Elegant, confident prose brings this tale to life, and though the trope of the road as a journey to self-understanding is a...

HOW TO READ THE AIR

A sometimes somber, always searching novel of love, loss and the immigrant experience by Ethiopia-born writer Mengestu (The Beautiful Things that Heaven Bears, 2006).

Mariam and Yosef are miserable, and for several reasons, not least the fact that husband and wife do not really know each other. Torn from their homeland by civil war, they have been plopped down on the flats of Illinois, settled in the white-bread city of Peoria and left to fend for themselves. Yosef, though, has ambition, and in time he puts himself behind the wheel of a weathered Monte Carlo—“a shabbier shade of red than the one she imagined”—and points its nose toward a destination, Nashville, since he loves nothing more than country music. It is not the honeymoon that Mariam, separated from Yosef for years, has dreamed of, and indeed, though the distance from Peoria to Nashville is less than 500 miles, it turns into something quite spectacularly ugly. Years later, their son, Jonas Woldemariam, is grappling with reality and identity. Smart and literate, he’s living in New York City, teaching English at a fancy prep school while provoking wonder that he’s so well-spoken and up on things American. Of course, he is American, thanks to a life in Peoria; when Jonas tells an interviewer of that fact, Mengestu writes, with gentle but pointed humor, “I could see him wondering if it was possible that there was more than one Peoria in this world, another situated perhaps thousands of miles away from the one he had heard of in the Midwest and therefore completely off his radar.” As if by way of proof, Jonas has a suitable roster of American neuroses and problems, including a marriage that seems to be disintegrating with each day. And what better to speed that collapse than to try to re-create his parents’ fateful journey, tragedy and all?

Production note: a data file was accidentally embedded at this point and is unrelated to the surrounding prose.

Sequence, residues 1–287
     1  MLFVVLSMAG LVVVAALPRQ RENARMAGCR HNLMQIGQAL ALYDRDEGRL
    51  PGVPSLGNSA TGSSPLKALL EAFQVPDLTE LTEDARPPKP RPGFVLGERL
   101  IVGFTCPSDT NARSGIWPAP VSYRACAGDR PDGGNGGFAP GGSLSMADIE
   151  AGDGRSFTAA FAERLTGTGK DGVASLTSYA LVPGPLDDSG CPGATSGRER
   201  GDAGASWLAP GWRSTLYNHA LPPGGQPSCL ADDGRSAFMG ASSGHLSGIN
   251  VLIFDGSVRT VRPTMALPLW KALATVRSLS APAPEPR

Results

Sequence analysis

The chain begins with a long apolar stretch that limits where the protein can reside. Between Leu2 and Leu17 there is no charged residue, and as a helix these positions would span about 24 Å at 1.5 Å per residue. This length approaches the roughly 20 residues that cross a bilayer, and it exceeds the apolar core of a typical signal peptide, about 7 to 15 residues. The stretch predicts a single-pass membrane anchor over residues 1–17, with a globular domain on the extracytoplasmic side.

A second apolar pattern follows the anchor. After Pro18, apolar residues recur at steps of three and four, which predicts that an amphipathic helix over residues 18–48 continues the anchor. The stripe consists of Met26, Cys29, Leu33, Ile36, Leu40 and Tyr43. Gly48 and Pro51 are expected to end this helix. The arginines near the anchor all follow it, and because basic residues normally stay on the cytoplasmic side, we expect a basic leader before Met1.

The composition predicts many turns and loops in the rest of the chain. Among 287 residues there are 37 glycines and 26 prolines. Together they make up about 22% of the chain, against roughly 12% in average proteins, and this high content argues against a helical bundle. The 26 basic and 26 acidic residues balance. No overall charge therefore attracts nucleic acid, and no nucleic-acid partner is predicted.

Elegant, confident prose brings this tale to life, and though the trope of the road as a journey to self-understanding is a very old one, Mengestu gives it a fresh reading.

Pub Date: Oct. 14, 2010

ISBN: 978-1-59448-770-5

Page Count: 320

Publisher: Riverhead

Review Posted Online: Oct. 12, 2010

Kirkus Reviews Issue: Nov. 1, 2010

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ANIMAL FARM

A FAIRY STORY

A modern day fable, with modern implications in a deceiving simplicity, by the author of Dickens. Dali and Others (Reynal & Hitchcock, p. 138), whose critical brilliance is well adapted to this type of satire. This tells of the revolt on a farm, against humans, when the pigs take over the intellectual superiority, training the horses, cows, sheep, etc., into acknowledging their greatness. The first hints come with the reading out of a pig who instigated the building of a windmill, so that the electric power would be theirs, the idea taken over by Napoleon who becomes topman with no maybes about it. Napoleon trains the young puppies to be his guards, dickers with humans, gradually instigates a reign of terror, and breaks the final commandment against any animal walking on two legs. The old faithful followers find themselves no better off for food and work than they were when man ruled them, learn their final disgrace when they see Napoleon and Squealer carousing with their enemies... A basic statement of the evils of dictatorship in that it not only corrupts the leaders, but deadens the intelligence and awareness of those led so that tyranny is inevitable. Mr. Orwell's animals exist in their own right, with a narrative as individual as it is apt in political parody.